While his maturation is most important to the Cardinals' success, Murray is not the only member of the 2019 draft class that looks more at ease in Year 2.
Cornerback Byron Murphy Jr. had back-to-back pass breakups on San Francisco's final drive to clinch the win. Defensive end Zach Allen had a sack and two quarterback pressures, and center Lamont Gaillard filled in capably when Mason Cole left the game with a hamstring injury.
The Cardinals had a big draft class in 2019 – wide receiver Andy Isabella, safety Jalen Thompson and wide receiver KeeSean Johnson are among the others – and after inconsistency as rookies, the group could play a key role for this year's team.
"All those guys came back a year older, a year wiser, a year more confident," coach Kliff Kingsbury said. "They were thrown to the wolves last year, put in situations that were tough for any rookie to just be thrown in there and expected to play at a high level and play a lot of snaps. They've all come back with some battle wounds, and they're better for it. I've been really impressed with that group."
When the 2019 class arrived, it joined a Cardinals team that went 3-13 with a disastrous negative-200 point-differential the year prior. Murray said the draft picks banded together quickly and spoke of turning around the team's fortunes.
"We wanted to come in and start something new, start something special," Murray said.
Murray seems to be on a star trajectory after an Offensive Rookie of the Year debut, while safety Jalen Thompson – who is currently on injured reserve with an ankle injury – also had a promising first season.
If Sunday is any indication, Murphy and Allen could soon join them as integral cogs.
"All of our second-year players have taken huge strides," defensive coordinator Vance Joseph said. "Zach Allen played really well on Sunday. He's a fast, twitchy defensive lineman. He's not a 300-pounder, so his best trait is his speed, and you could see it on Sunday: he won with speed, he won with quickness. And when a quarterback breaks a pocket, he has the speed to track quarterbacks down.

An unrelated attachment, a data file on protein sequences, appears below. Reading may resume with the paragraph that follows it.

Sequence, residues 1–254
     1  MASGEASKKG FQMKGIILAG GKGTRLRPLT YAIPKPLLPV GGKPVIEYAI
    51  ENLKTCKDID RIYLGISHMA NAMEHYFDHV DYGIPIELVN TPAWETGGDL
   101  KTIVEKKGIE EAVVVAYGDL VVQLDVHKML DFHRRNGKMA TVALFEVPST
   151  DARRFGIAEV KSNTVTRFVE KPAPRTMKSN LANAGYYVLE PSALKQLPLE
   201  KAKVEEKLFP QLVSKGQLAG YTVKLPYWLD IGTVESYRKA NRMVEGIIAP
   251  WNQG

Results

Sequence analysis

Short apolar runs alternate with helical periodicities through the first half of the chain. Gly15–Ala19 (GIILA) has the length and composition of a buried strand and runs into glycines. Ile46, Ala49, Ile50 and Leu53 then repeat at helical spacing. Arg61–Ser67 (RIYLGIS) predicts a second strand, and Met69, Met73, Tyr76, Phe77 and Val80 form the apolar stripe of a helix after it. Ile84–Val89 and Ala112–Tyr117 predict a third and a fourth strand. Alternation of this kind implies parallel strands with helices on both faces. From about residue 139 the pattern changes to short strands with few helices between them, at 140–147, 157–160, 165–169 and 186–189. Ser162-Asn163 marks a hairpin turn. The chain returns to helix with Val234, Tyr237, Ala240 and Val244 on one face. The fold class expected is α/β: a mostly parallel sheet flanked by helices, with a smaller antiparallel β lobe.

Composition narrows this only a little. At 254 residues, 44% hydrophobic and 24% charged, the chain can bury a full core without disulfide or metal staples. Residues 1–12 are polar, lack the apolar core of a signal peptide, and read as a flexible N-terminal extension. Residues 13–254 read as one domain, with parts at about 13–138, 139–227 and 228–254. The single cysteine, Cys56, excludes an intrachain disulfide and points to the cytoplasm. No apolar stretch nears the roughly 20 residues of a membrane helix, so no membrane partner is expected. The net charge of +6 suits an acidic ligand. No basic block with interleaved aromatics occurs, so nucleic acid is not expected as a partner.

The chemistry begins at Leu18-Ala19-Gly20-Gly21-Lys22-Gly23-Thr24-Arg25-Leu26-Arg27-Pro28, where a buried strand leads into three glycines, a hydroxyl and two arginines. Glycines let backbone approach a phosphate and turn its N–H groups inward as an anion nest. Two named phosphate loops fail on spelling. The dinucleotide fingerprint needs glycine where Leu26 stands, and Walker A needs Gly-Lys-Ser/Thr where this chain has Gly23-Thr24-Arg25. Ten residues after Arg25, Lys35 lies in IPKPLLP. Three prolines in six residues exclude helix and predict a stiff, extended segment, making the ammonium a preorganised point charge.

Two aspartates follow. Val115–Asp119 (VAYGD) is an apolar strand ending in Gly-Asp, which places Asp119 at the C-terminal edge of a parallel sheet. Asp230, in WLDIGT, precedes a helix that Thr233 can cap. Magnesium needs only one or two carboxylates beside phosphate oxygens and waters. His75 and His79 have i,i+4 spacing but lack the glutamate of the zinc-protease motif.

"And to watch Murphy, after last year playing the most snaps of any rookie in the whole league, and taking some good and some bad, he's obviously learned from it. He's a different player now when you watch him play on Sundays. He's more relaxed. His football IQ is higher. He made a fourth-down stop he wouldn't have made last year."
Gaillard sat his entire rookie year and was a backup heading into the opener, but ended up playing 46 snaps against the 49ers. He had some struggles in the run-blocking department, according to Pro Football Focus, but earned a sterling 83.2 grade in pass protection.
"I hadn't played for a whole year, so I knew that if Sunday was going to be my chance, that I had to take full advantage of it," Gaillard said. "When I got in, it felt good."
At 23, Murray is the youngest starting quarterback in the NFL, while Murphy and Thompson are full-time starters at 22, but's important to them to never let youth be a crutch.
"We kind of pride ourselves on holding ourselves accountable and being able to play well come Sunday at a young age," Murray said.
Murray's presence makes the 2019 draft class immensely valuable already, and if others ascend, the Cardinals will have several key pieces on rookie contracts for the next three years.
There are plenty of veterans essential to the Cardinals' trajectory, but the group that arrived with Kingsbury feels ownership in creating happier times for the franchise.
"When we came in, we were like, 'Yo, we've got to do something different. If not, we're going to be the same culture, the same team,'" Gaillard said. "It's really showed, and we hope to keep moving that way."
Images of the Cardinals practicing at the Dignity Health Training Center on Wednesday, presented by Hyundai.